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Key details still to be worked out in electric deal


As the calendar rolls over to 2017 and the Vero Beach electric saga moves into its eighth year, Florida Power & Light and city officials are closely examining the nuts and bolts of a sales agreement that Indian River Shores residents hope will finally set them free from Vero’s high electric rates.

But some key details still need to be worked out before a final sales agreement is inked, and Councilmen Tony Young and Dick Winger have raised questions about one clause in the letter of intent presented by FPL and approved by the city – a provision stating that Vero would pay for its share of the costs of splitting up the electric system.

The technical reality of the partial sale is that Vero current brings power into the Shores from the south, but FPL would eventually need to reconfigure its transmission system in the Shores to bring power in from the north barrier island where it already has customers.

Through 2020, FPL would pay Vero the going rate to “wheel” power to the Shores over Vero’s transmission lines while it makes changes and upgrades to its infrastructure to integrate the newly acquired Shores customers into its system.

Now, however, the Vero Council wants reassurance that mending the severed system after the Shores customers are carved out won’t cost Vero’s remaining electric customers anything extra. Young said he wanted assurance that the $30 million FPL is offering would be the city’s net gain after any costs incurred to unplug the Shores from Vero’s utility.

Shores Councilman Bob Auwaerter, who represents the town’s ratepayers on Vero’s Utilities Commission, called the disconnection matter a “red herring” and said city officials may be trying to get FPL to shoulder the cost of pre-planned technical upgrades to improve the city utility’s flagging reliability statistics, referring to published consultant recommendations that Vero invest $21 million in the short-term to catch up on deferred capital projects.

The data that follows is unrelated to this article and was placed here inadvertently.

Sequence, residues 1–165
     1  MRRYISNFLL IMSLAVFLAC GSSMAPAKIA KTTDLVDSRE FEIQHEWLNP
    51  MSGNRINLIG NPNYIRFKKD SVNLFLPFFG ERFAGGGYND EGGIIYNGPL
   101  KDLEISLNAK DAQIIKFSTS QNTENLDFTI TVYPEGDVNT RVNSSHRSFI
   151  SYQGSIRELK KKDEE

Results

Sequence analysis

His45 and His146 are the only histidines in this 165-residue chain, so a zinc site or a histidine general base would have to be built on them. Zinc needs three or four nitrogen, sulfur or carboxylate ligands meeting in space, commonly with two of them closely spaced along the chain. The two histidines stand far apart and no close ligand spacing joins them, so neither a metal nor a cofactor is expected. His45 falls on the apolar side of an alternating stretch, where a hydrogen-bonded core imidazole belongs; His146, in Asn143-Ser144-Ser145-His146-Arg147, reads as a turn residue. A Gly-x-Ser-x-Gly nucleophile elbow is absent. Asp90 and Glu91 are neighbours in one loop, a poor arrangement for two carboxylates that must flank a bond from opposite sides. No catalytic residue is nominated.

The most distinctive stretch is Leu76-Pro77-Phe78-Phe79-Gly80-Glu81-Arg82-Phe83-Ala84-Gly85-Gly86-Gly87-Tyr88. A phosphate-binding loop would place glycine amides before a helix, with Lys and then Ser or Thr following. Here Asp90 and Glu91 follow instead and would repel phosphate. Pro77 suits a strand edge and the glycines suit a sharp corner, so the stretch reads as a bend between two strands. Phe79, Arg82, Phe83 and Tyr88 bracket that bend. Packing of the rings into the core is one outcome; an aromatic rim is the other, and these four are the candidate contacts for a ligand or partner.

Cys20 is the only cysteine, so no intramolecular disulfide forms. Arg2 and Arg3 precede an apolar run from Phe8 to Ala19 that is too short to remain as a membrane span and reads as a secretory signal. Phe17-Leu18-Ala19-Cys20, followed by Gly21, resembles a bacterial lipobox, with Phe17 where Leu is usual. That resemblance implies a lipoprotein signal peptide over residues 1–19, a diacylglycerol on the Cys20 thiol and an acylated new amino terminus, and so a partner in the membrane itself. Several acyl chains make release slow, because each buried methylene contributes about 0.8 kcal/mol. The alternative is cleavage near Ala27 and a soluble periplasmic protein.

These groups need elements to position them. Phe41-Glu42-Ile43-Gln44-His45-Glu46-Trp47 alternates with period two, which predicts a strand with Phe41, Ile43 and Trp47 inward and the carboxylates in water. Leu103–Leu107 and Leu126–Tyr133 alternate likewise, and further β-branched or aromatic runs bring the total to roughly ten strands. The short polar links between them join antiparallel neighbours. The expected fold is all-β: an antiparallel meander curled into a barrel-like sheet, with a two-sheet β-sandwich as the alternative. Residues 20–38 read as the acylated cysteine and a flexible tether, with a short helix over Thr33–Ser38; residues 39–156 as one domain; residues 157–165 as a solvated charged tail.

“They were talking about upgrading the system long before this, so to tie these potential upgrades [and claim] that it’s impacted by the sale, that’s ridiculous,” Auwaerter said. “The city manager said they deferred lots of maintenance of the system because they thought they were going to be able to complete the full sale of Vero electric to FPL.”

The executed letter of intent approved by the Vero Beach City Council earlier this month gives FPL until March to come back with a detailed purchase and sale agreement for Vero to consider.

During the intervening months, FPL and the city technical staff will meet to map out exactly what needs to be done to surgically separate electric infrastructure in the Shores from Vero’s system on the rest of the barrier island. Negotiating who pays for what will be one of the first challenges of Vero’s new transactional attorney who, as of press time, had not been selected.

Another potential hitch in the sale process cropped up in the past week or two as staunch anti-sale residents and former city officials floated the idea that voters need to weigh in via referendum on the sale of the Shores customers and assets, despite the fact that there is no legal requirement for that action. Other anti-sale folks have suggested Mayor Laura Moss and Councilman Lange Sykes should be recalled from the council seats they won in November in order to stop a sale.

Either of those citizen initiatives would encounter steep hurdles set forth by Florida Statute: To set a referendum or a recall election in motion, sale opponents would have to get 1,167 registered voters – 10 percent of the Vero electorate – to sign a petition in favor of either the referendum or recall.

If the protesters cleared that hurdle, a special election would need to be called and paid for by city taxpayers; and in the case of a recall, Moss and Sykes would be afforded the chance to counter the recall effort in a lengthy and archaic process designed to prevent personal vendettas from removing duly-elected public officials.

Statutory reasons for removal from office are limited to malfeasance, misfeasance, neglect of duty, drunkenness, incompetence, permanent inability to perform official duties or conviction of a felony involving moral turpitude, none of which seem to apply in this case.

The last recall effort in 2013, mounted by a citizen who was upset with then-Mayor Craig Fletcher and then Vice Mayor Tracy Carroll’s behavior and demeanor toward certain members of the public, failed to gain the support needed.